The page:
“I am not aware of such information that COVAX facility is not delivering as expected, we are actually bolstered by COVAX facility in this country,” he said responding to a question from Mahalapye West Member of Parliament David Tshere who is also Chairman of Parliament Committee On Health and HIV/AIDS.

“We have received doses as ordered from the COVAX facility, and we are still receiving more, I have not seen that information which is purported to have been revealed by the President, unless its new information, we as the Ministry we are not aware of any frustrations by the COVAX facility,” he said.

COVAX is co-led by the Coalition for Epidemic Preparedness Innovations (CEPI), Gavi and the World Health Organization (WHO), alongside key delivery partner UNICEF.

Its aim is to accelerate the development and manufacture of COVID-19 vaccines, and to guarantee fair and equitable access for every country in the world.

The facility is a global coalition that works to ensure fair and equitable access of COVID-19 vaccines around the world. So far, 190 countries have joined the COVAX initiative, including all 22 countries in the Eastern Mediterranean Region.

The COVAX Facility aims to have 2 billion doses of COVID-19 vaccines available for distribution across the globe by the end of 2021, targeting those most at risk (e.g. frontline health workers) and most vulnerable severe diseases and death (e.g. elderly and people with co-morbidities).

On other vaccination issues President Masisi revealed, still in Greater Gaborone vaccination centre visits, that Botswana has placed orders with Pfizer, a United States vaccine producer noting that they have promised to deliver next year.

Meanwhile, government kick-started phase two of the Covid-19 vaccination program this week, opening up for ages between 30 and 54.

President Masisi revealed that this was done because some elderly were reluctant to be inculcated.

“We can’t take forever trying to convince people to take vaccine, we moved to the next age segments because we cannot afford to have vaccines-which are already in shortage supply to just lie there,” he said.

On Friday, Ministry of Health revealed that it was receiving large numbers of people below the age of 55 lining up to be vaccinated.

In a statement the Ministry of Health said it, “acknowledges the huge turnout that marked the commencement of the Phase two COVID-19 vaccination program”.

Given this high turnout, especially in the Greater Gaborone region, the ministry announced an extension of operation hours in order to serve the huge crowds that had come for vaccination.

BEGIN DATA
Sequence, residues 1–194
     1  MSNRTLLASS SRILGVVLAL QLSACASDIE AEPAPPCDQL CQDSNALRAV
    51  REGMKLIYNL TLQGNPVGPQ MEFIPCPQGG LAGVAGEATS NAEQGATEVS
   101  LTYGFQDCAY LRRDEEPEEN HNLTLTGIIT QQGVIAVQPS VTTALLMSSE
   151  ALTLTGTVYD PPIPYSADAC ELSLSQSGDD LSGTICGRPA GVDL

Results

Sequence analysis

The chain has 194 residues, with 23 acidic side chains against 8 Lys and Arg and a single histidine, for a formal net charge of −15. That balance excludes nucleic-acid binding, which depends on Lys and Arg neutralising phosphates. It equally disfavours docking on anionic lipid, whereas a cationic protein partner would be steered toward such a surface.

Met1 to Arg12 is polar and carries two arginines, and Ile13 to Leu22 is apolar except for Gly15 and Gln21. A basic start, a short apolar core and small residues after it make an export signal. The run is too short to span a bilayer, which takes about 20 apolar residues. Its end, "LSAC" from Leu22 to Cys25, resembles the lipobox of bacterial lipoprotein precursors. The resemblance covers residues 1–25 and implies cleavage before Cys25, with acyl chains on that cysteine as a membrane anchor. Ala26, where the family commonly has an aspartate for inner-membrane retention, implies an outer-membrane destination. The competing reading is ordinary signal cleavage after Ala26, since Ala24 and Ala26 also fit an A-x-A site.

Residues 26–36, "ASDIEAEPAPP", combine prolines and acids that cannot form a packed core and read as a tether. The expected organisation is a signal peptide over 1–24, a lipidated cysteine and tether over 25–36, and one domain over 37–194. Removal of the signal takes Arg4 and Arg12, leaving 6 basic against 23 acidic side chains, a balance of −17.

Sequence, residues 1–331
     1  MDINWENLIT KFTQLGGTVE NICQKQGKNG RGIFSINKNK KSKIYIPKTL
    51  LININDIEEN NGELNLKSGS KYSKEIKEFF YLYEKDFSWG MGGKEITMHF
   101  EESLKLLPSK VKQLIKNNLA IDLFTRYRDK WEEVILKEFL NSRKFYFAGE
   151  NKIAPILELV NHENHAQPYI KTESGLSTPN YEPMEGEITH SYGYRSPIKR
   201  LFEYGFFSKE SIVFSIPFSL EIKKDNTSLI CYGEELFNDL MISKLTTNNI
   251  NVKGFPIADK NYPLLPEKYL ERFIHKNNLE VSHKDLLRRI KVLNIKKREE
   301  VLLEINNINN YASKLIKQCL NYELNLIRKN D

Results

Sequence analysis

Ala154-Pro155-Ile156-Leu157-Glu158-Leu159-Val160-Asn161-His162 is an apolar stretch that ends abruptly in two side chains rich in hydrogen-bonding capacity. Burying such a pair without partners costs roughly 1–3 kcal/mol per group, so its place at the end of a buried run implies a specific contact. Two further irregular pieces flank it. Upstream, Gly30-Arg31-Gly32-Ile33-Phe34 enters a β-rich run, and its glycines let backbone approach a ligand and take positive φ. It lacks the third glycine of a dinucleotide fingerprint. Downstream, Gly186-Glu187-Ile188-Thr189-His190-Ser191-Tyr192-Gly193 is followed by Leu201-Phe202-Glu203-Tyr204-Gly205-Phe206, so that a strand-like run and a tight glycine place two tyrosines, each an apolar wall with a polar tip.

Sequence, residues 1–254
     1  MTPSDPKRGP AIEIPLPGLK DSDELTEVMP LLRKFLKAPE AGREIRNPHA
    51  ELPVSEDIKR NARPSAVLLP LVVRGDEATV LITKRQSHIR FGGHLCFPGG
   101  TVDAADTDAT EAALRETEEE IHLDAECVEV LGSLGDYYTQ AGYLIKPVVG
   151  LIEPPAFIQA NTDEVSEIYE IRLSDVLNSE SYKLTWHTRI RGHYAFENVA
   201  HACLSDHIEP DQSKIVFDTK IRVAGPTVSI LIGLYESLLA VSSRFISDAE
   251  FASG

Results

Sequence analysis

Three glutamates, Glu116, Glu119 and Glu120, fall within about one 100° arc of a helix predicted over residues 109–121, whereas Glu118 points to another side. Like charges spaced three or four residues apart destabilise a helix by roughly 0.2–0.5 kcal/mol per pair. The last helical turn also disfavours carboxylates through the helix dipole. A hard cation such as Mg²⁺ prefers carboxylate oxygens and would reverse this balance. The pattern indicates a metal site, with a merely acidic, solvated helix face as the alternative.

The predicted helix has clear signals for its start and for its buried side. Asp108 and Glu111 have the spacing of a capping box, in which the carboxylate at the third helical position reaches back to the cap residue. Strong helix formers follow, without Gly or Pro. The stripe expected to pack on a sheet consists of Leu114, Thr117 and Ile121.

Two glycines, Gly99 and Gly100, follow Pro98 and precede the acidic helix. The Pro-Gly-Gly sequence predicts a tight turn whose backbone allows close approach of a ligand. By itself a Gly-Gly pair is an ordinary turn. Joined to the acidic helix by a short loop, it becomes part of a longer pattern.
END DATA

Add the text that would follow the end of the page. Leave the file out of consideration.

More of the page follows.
Of the nearly 85 000 doses that were being doled across the country as first doses, the majority of the Greater Gaborone vaccination sites were already getting depleted by 1800hrs on 22 July 2021.

As a result of this development, the ministry took a decision to discontinue the extended hours of operation announced yesterday for vaccination sites in Gaborone.

This means that vaccination sites in Gaborone and elsewhere in the country which still have some vaccines, will offer them in the normal working hours and days of the week.

The Ministry says it appreciates the great desire to be vaccinated shown by thousands of citizens and residents of this country and wishes to assure them that it will continue to expedite their vaccination every time vaccines become available. As has been communicated in various fora, more vaccines are expected in August 2021.

As at July 2021, Botswana has so far received 62, 400 doses of AstraZeneca/COVISHIELD bought through the Covax facility, 30,000 doses of AstraZeneca vaccine donated by the Republic of India, 19, 890 doses of the Pfizer vaccine bought through the COVAX facility, 200, 000 doses of the Sinovac vaccine, donated by the Peoples Republic of China and another 200, 000 doses of the Sinovac vaccine bought through bilateral negotiations with Sinovac company in China.

“We encourage Batswana to remain hopeful that although it’s taking longer than anticipated, enough COVID-19 vaccines will eventually arrive in our country. We urge them to always strictly abide by all COVID-19 protocols so that they protect themselves and others from this deadly virus,” the ministry said.